US cable likens Mindanao to Afghanistan
Emphasizing the gravity of the terror threat in the country, a secret US Embassy cable in 2005 compared the situation in the Mindanao to that in Afghanistan before the rise of the Taliban.
The cable, sent by then US Charge d’Affaires Joseph A. Mussomeli to his home government on April 7, 2005, said the threat of terrorism was “arguably more dangerous in the long term” in the Philippines than in any other country in East Asia.
It also questioned the role of some financiers from Saudi Arabia who were allegedly funding the terrorists.
“Terrorism is a disturbingly ordinary, ongoing reality here,” said the cable, titled “Fighting the GWOT (Global War on Terror) in the Philippines.” It was one of hundreds of US Embassy cables released recently by the antisecrecy website WikiLeaks.
“The southern Philippines lies along a strategic fault line in the global campaign against terrorism, with its porous borders, weak rule of law, long-standing and unaddressed grievances of Muslim minorities, and high levels of poverty and corruption offering a fertile field for nurturing terrorist groups,” the cable said.
“Only Afghanistan in the 1990s had a mix of elements more conducive to the spread of radical Islamic movements and the safeguarding of terrorists,” it added.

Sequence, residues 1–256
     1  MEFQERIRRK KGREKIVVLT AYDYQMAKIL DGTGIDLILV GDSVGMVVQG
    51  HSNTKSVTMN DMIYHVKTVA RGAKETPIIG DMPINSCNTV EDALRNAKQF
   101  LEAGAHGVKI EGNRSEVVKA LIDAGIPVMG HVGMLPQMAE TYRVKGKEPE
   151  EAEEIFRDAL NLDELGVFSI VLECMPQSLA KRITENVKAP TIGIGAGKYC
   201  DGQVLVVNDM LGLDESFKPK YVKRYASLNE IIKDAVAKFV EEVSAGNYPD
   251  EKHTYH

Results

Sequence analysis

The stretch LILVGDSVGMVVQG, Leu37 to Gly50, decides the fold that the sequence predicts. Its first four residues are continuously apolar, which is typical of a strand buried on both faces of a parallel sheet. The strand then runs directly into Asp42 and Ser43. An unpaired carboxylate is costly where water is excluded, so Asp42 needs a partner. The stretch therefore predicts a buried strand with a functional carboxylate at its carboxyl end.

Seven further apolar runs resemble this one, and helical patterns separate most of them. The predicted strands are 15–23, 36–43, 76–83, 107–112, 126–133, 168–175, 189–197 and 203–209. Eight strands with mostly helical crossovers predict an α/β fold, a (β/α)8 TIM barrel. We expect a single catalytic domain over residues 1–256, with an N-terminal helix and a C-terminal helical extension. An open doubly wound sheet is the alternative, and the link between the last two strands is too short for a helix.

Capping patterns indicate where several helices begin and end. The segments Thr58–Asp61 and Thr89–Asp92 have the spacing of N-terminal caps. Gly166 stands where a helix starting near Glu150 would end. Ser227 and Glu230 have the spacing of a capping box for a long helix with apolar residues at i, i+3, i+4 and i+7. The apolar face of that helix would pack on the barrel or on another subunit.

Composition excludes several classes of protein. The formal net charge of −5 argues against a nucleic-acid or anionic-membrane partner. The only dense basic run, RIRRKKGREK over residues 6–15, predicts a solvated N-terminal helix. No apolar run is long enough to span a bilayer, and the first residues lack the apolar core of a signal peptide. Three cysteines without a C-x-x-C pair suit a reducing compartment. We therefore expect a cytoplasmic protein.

Afghanistan in the 1990s was torn between warring tribal factions before the Taliban rose to power in the middle of the decade, capturing most of the country.
‘Threat is real’
The cable said the Philippine government had some successes in fighting terrorism but it had “fallen woefully short in many areas.”
“The threat is real here … terrorism is arguably more dangerous in the long-term in the Philippines than anywhere in East Asia,” the cable said.
It noted that four groups on the US Foreign Terrorist Organization list were operating in the country—the New People’s Army (NPA), Abu Sayyaf Group (ASG), Pentagon Gang and Jemaah Islamiyah (JI), a Southeast Asian network.
“While the NPA is responsible for regular attacks on and killings of Philippine security forces and civilian officials, it is not now focused on confronting the United States. No US citizens have been harmed by the NPA since the early 1990s,” the cable said.
“This is not the case with the Islamic terrorist groups. ASG elements, trained by the JI, were responsible for Asia’s second most deadly terrorist attack—the SuperFerry bombing in February 2004—as well as for deadly bombings in three cities (including Manila) in February 2005.”
“There are clear indications of ongoing JI/ASG planning for attacks on US citizens, as well as possibly on the US Embassy, in addition to further attacks on Filipinos and other foreigners.”
The cable also noted that the Moro Islamic Liberation Front (MILF), although not on the US terror list, remained a “credible military threat,” at least in Mindanao.
But in the face of these security threats, the cable said that “key institutions” in the fight against terror in the country were “broken.”